Providing an abundance of nectar rich flowers from early spring right through to the end of foraging season in October has never been more important. Without enough natural flora, our pollinators will struggle to survive. And without these pollinators, we’d struggle to thrive.

Together with our Oxfordshire neighbours, Blenheim Palace Estate, we’ve started a major conservation project to create sustainable nectar sources, as well as introducing new habitats, for our beloved, buzzing honeybees, and other insect heroes, like bumble bees, solitary bees, moths, butterflies, hoverflies, and beetles too!

a man and a woman are sitting on a wooden bench in a park .
From left to right: Rachel Furness-Smith, Head of Estates at Blenheim Estate, and Ian Ainsworth, Managing Director at Rowse Honey

The shocking facts

Did you know over the past century in Britain, we’ve lost almost 92% of our wildflower spaces and over half of our natural hedgerows?

By building new homes, expanding businesses and transport links, our man-made world is taking over natural habitats at an alarming rate!

That is why with our friends at Blenheim we plan to enhance habitats for our local pollinators over the next 5 years.

What we’ll be sowing and growing

There are dozens of wild bee colonies living in the ancient woodland at Blenheim Palace Estate. Not only do we want to serve them up a flowerful feast, but we hope to invite new pollinating insects to the area too; ultimately creating a nectar-rich haven for as many species as we can!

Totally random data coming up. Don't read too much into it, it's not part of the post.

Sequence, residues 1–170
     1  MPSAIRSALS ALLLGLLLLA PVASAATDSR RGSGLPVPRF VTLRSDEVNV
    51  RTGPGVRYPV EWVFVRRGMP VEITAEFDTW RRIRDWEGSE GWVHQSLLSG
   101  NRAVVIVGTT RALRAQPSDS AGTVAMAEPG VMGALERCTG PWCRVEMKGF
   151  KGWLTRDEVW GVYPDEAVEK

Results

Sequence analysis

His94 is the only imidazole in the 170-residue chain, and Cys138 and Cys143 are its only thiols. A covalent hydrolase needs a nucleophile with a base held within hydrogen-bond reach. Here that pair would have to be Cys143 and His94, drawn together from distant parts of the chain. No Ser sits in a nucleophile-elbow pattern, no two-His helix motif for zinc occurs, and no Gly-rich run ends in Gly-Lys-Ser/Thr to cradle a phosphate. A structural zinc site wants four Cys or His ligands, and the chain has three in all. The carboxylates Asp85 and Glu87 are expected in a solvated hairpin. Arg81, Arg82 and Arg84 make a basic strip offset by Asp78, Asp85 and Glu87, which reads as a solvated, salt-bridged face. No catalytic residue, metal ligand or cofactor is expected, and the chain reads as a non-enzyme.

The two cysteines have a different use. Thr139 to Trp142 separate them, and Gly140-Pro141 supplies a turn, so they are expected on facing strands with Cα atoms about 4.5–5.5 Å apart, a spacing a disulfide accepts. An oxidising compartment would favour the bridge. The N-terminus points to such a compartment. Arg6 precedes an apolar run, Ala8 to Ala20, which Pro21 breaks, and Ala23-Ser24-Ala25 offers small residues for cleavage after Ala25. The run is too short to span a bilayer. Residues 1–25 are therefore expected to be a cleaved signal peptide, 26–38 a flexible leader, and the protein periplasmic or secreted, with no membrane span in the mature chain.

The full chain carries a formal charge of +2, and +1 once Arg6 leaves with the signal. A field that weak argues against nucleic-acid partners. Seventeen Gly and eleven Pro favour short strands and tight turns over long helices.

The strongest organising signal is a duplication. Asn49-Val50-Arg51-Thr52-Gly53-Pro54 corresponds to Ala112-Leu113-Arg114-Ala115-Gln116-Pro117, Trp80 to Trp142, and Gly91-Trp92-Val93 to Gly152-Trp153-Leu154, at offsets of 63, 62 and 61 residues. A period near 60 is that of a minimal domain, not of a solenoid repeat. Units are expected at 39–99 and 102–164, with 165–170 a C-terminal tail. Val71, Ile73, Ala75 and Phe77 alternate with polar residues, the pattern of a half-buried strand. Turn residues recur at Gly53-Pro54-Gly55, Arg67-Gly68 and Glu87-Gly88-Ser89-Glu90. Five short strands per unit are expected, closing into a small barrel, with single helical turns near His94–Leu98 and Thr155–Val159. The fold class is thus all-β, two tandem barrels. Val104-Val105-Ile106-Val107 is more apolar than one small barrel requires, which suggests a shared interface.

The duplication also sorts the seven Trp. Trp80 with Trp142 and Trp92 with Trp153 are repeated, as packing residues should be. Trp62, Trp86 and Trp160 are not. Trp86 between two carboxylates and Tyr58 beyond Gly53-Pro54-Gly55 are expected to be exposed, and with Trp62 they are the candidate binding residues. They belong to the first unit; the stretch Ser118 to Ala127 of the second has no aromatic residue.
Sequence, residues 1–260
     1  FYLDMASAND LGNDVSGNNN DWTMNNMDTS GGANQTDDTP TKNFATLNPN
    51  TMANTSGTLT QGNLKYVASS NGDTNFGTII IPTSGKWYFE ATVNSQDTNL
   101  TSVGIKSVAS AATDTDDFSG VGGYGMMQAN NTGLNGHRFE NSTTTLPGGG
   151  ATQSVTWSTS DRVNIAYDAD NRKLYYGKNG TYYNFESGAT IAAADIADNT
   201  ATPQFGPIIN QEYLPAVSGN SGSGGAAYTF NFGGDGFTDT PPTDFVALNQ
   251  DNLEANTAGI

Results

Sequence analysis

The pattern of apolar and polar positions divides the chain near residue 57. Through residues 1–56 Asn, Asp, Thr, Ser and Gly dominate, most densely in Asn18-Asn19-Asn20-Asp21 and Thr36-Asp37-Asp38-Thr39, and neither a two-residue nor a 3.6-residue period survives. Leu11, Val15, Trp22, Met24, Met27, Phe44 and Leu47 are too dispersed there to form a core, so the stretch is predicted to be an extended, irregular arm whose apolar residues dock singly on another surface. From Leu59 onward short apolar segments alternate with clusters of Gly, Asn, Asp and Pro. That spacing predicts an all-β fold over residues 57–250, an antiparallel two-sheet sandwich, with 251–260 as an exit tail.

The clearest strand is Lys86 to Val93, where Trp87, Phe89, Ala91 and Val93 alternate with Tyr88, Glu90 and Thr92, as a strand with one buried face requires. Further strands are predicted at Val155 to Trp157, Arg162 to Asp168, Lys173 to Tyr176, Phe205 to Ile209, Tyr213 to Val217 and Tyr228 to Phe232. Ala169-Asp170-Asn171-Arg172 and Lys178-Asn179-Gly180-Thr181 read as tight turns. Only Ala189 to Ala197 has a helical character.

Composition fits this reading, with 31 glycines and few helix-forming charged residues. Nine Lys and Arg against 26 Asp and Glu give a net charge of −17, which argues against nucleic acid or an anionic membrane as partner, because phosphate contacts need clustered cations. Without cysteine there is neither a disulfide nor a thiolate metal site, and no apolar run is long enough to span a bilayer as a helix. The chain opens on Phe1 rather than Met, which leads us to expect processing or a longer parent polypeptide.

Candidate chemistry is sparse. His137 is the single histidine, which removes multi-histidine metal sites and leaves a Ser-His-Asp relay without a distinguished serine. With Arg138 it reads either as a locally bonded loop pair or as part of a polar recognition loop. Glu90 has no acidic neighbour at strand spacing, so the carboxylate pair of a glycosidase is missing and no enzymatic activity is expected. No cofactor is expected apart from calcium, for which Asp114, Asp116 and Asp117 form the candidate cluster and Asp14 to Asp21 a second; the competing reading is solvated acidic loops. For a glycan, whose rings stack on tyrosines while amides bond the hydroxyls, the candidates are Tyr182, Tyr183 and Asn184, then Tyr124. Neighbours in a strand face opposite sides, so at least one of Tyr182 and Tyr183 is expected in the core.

Across 50 acres of land, we’ve sown more than 70 different species of native wildflowers, including oxeye daisy and meadow buttercup.

We’re not stopping at colourful blooms either. We’re also going to be planting a whopping 124 miles of hedgerows. We couldn’t forget about nesting birds, hibernating hedgehogs and other small, countryside mammals when creating homes for pollinators now, could we?

a poster showing the big picture and putting plans into perspective

Our big goal

We hope that this leading-edge project will demonstrate what’s possible and will inspire and influence other big landowners and farmers, as well as the general public to Feed The Bees.

You can learn even more about the project by walking the network of grass routes across the Blenheim Palace Estate. Come and see the very first seedlings sprout for yourself in this summer!

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